Burnout 3: Takedown brought the magic of crash mode to gamers everywhere in 2004. It was unceremoniously stripped away in Burnout Paradise and hasn’t been seen again until now.
As if to make up for the absence, Burnout Crash is all crash mode. However, it doesn’t work like you remember. This downloadable title trades a high-fidelity street view for a cartoony top-down camera angle. I miss the traditional presentation, but I can see why this decision was made.
In every stage, you drive onto the map and bash into the first car you see. You then trigger Crashbreakers to blow up everything nearby and send your vehicle flying. You can use the analog stick to steer your flaming mass of metal into the path of oncoming traffic, slam into valuable buildings, or do whatever you please.
The presentation bombards you with stimuli similar to a pinball machine. Slot machine noises, explosions, score tallies, the theme song from Cops, immediately annoying voiceovers (like southern guy and surfer dude stereotypes), and more constantly punctuate the experience. All the while, Crash teeters back and forth between exciting and obnoxious.
Crash contains 18 different junctions set in locales like a sunny California beach to a take on the alien-themed Roswell, New Mexico. Each stop contains three challenges to earn high scores and stars on (the latter unlocks new vehicles).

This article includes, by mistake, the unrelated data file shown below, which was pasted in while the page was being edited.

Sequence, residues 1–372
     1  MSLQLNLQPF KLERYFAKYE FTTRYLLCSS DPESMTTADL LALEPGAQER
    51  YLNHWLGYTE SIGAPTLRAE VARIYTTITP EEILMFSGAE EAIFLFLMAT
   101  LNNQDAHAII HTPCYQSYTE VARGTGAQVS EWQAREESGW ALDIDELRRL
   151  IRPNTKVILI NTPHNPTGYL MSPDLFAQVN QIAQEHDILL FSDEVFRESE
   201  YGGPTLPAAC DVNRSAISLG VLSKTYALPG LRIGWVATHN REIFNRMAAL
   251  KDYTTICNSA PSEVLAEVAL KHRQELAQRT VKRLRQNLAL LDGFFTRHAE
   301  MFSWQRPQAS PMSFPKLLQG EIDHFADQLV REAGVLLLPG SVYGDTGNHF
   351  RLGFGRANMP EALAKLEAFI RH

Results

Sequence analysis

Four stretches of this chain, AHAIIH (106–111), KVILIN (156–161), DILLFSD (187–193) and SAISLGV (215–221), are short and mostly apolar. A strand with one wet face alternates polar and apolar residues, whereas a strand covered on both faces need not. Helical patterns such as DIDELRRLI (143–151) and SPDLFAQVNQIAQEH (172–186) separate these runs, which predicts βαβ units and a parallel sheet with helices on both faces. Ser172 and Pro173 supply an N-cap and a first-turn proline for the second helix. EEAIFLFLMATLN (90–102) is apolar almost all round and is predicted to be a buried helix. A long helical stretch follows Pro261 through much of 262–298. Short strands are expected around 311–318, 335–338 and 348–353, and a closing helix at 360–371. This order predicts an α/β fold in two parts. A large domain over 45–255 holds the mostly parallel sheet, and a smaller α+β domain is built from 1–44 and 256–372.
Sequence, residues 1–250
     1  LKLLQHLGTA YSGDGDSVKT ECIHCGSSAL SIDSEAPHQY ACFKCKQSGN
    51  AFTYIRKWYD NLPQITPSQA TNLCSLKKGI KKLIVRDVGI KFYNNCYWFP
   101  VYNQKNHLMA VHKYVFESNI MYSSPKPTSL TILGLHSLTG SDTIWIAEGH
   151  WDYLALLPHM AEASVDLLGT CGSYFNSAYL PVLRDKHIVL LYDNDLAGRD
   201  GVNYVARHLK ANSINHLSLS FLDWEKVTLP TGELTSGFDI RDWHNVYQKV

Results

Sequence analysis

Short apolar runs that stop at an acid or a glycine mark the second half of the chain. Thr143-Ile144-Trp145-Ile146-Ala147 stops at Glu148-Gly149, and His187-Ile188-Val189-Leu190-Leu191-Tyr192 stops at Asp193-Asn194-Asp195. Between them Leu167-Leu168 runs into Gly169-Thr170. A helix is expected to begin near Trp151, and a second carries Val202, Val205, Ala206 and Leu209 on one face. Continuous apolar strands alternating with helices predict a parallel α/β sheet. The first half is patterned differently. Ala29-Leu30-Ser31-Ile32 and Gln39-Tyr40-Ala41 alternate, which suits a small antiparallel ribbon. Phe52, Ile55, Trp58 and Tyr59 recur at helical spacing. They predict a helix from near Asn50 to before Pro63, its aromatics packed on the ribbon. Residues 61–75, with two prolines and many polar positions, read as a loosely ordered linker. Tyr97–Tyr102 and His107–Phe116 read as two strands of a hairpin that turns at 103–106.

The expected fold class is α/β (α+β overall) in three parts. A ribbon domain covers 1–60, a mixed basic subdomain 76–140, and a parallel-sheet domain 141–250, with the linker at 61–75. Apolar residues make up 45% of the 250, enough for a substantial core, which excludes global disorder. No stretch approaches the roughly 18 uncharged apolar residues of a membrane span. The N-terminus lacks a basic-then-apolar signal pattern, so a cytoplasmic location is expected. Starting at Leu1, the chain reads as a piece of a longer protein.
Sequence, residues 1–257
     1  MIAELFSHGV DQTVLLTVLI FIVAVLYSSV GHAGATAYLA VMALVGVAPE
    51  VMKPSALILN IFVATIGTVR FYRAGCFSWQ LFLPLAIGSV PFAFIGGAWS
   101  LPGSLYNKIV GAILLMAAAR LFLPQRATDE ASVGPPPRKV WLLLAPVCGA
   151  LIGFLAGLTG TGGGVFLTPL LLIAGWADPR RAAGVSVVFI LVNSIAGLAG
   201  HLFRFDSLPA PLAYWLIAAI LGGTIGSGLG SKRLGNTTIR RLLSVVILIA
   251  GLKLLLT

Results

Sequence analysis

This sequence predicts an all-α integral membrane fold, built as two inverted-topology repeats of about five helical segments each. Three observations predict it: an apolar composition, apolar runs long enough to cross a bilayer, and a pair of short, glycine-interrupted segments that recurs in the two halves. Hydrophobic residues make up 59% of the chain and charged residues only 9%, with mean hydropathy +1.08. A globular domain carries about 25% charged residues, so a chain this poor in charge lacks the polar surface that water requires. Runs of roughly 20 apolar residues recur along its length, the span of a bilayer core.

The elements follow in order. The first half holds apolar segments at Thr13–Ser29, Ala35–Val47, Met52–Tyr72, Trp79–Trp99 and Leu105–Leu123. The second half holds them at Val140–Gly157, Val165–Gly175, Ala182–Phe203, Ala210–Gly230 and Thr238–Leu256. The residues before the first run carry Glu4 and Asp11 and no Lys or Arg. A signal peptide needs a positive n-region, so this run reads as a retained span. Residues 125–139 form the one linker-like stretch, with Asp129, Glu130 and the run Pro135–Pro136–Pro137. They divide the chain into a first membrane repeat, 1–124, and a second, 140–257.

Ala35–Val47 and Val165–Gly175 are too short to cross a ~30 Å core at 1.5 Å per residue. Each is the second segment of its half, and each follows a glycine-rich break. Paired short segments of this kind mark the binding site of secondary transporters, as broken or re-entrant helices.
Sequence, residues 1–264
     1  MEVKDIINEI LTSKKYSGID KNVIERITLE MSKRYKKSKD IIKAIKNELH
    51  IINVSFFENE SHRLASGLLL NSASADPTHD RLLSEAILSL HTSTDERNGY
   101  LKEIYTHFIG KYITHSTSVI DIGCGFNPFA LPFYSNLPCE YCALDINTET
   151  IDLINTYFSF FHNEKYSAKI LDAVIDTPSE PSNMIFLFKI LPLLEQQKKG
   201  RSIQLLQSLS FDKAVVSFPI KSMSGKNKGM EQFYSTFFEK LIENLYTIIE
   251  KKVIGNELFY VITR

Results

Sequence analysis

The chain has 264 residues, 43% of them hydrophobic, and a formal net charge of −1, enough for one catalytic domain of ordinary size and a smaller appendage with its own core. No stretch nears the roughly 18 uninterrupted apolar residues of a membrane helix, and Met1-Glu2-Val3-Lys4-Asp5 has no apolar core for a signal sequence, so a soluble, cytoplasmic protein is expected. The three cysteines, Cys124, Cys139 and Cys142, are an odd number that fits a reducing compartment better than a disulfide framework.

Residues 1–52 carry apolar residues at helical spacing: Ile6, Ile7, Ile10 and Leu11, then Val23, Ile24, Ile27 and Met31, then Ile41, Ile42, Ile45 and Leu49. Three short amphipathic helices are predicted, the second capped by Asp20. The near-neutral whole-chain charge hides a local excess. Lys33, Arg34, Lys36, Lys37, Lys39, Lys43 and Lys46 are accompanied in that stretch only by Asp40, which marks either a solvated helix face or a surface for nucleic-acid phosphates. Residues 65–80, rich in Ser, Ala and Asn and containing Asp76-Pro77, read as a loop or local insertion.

Road Trip tasks you to keep the crashes going without letting more than five cars escape unscathed. If you survive, a stage-ending Super Feature like a tornado or giant asteroid wreaks havoc across the land. Rush Hour gives you 90 seconds to do the most damage, and Pile Up offers a limited amount of cars to crash.
Despite these slight tweaks to the rules, the modes don’t feel all that different. After the initial hour or so, I started to feel the repetition setting in. You play the same intersection three times in a row, move on to the next one, play that three times, and so on. It really starts to feel like a grind as you try to plow through all the levels.
Autolog helps turn that around by constantly pitting your scores against your friends’ in a manner similar to Pinball FX 2. Crash works much better in smaller bursts as you reclaim the leaderboards and accept and offer official challenges. If you’ve got a lot of friends to compete against, Crash has a good amount of life in it. Otherwise, single-player doesn’t take long to dry up.
Burnout 3: Takedown brought the magic of crash mode to gamers everywhere
in 2004. It was unceremoniously stripped away in Burnout Paradise and
hasn’t been seen again until now.